Randomness, like probability, has many inequivalent definitions, none of which is entirely satisfactory. Galathaea is talking about Kolmogorov complexity, aka algorithmic information content, aka compressibility, where a string is considered random if the shortest program that prints the string is longer than the string itself. Obviously any long string of bits produced by a short program is not random in this sense. But programs are known (pseudorandom generators) which produce strings that appear to be random, even though they're not; that is, there's no known general way of detecting that they're compressible unless someone reveals the algorithm+input to you. It's because of this that cryptography is possible, but no one knows why it's true, or even whether it really is true. Of course this also casts doubt on the idea that there are any sources of true randomness: maybe radioactive decays would be easy to predict if we just knew the right formula.
BrainDumb wrote: > At random.org, author claims 'true random numbers to anyone'. From > reading a few sources, > > 1. I understood it's impossible. Is it true?
I dunno. I have a hard time understanding who would use this service. You have to be pretty paranoid to believe that /dev/urandom isn't good enough, and anyone that paranoid isn't going to trust a third party to produce their randomness. There's no known test you can perform on the output to distinguish true randomness from a good pseudorandom generator. I guess a sophisticated paranoiac could use bits from this site as one source for their local entropy pool, but 9 out of 10 cryptologists agree that you should just use /dev/urandom.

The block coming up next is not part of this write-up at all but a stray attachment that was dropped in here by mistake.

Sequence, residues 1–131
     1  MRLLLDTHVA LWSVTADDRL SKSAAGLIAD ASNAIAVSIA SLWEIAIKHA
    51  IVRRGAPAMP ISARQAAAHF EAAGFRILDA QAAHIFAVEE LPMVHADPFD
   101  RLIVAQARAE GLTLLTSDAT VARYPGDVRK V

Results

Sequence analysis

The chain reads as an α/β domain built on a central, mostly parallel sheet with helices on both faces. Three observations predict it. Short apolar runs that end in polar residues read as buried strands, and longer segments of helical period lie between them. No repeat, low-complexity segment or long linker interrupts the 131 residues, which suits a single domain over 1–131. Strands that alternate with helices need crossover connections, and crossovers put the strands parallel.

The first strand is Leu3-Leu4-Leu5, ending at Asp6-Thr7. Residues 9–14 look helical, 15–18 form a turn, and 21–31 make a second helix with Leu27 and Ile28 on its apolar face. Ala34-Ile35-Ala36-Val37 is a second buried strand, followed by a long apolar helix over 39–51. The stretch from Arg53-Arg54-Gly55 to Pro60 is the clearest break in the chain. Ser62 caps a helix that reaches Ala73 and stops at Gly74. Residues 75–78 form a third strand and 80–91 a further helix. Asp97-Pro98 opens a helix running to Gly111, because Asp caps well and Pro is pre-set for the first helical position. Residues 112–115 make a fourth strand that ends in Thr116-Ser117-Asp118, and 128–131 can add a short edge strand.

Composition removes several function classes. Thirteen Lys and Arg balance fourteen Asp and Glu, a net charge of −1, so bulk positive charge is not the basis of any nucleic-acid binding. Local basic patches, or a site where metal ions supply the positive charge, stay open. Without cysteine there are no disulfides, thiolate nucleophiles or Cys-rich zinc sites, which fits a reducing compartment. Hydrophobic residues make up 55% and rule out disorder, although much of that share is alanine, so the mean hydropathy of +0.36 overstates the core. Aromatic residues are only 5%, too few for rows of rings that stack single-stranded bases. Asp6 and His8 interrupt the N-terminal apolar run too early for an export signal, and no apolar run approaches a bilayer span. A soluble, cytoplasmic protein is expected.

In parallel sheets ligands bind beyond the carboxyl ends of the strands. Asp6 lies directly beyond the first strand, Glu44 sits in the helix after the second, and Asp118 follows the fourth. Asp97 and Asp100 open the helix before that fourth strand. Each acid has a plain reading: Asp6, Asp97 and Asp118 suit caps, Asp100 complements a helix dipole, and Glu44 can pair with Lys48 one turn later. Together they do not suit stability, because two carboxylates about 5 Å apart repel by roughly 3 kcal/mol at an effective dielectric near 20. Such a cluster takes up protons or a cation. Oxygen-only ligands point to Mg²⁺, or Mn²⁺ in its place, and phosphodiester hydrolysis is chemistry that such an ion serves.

> 3. If indeed true random was possible than I couldn't say this > algorithm was better than another. In other words, there is no degree > of quality once true randomness is achieved?
I suppose so, by definition. It's like saying there are no degrees of quality once perfection is achieved.
> 4. We are told (on wikepedia) that expansion of Pi produces random > digits. Yet there are simple series for Pi. A few years ago, a bunch > of mathematicians produced a formula that calculates any digit of Pi, > without calculating previous ones.
The digits of pi seem to be good pseudorandom numbers. If you start at the beginning you always get the same digits, but that's true of any pseudorandom generator if you always start with the same seed. You could take the seed of a pi-based generator to be the starting digit. But calculating digits of pi is very slow and there are faster pseudorandom generators that work just as well. The world record for pi seem to be around a trillion hex digits, which took CPU-years of computation on a supercomputer with terabytes of RAM; other algorithms can produce that many high-quality pseudorandom digits in a CPU-hour or less on an ordinary desktop machine.
> a. If numbers after decimal point are random, why are we able to > tell a digit with 100% accuracy.
That's a deep philosophical question. You may wish to meditate on this koan for a while: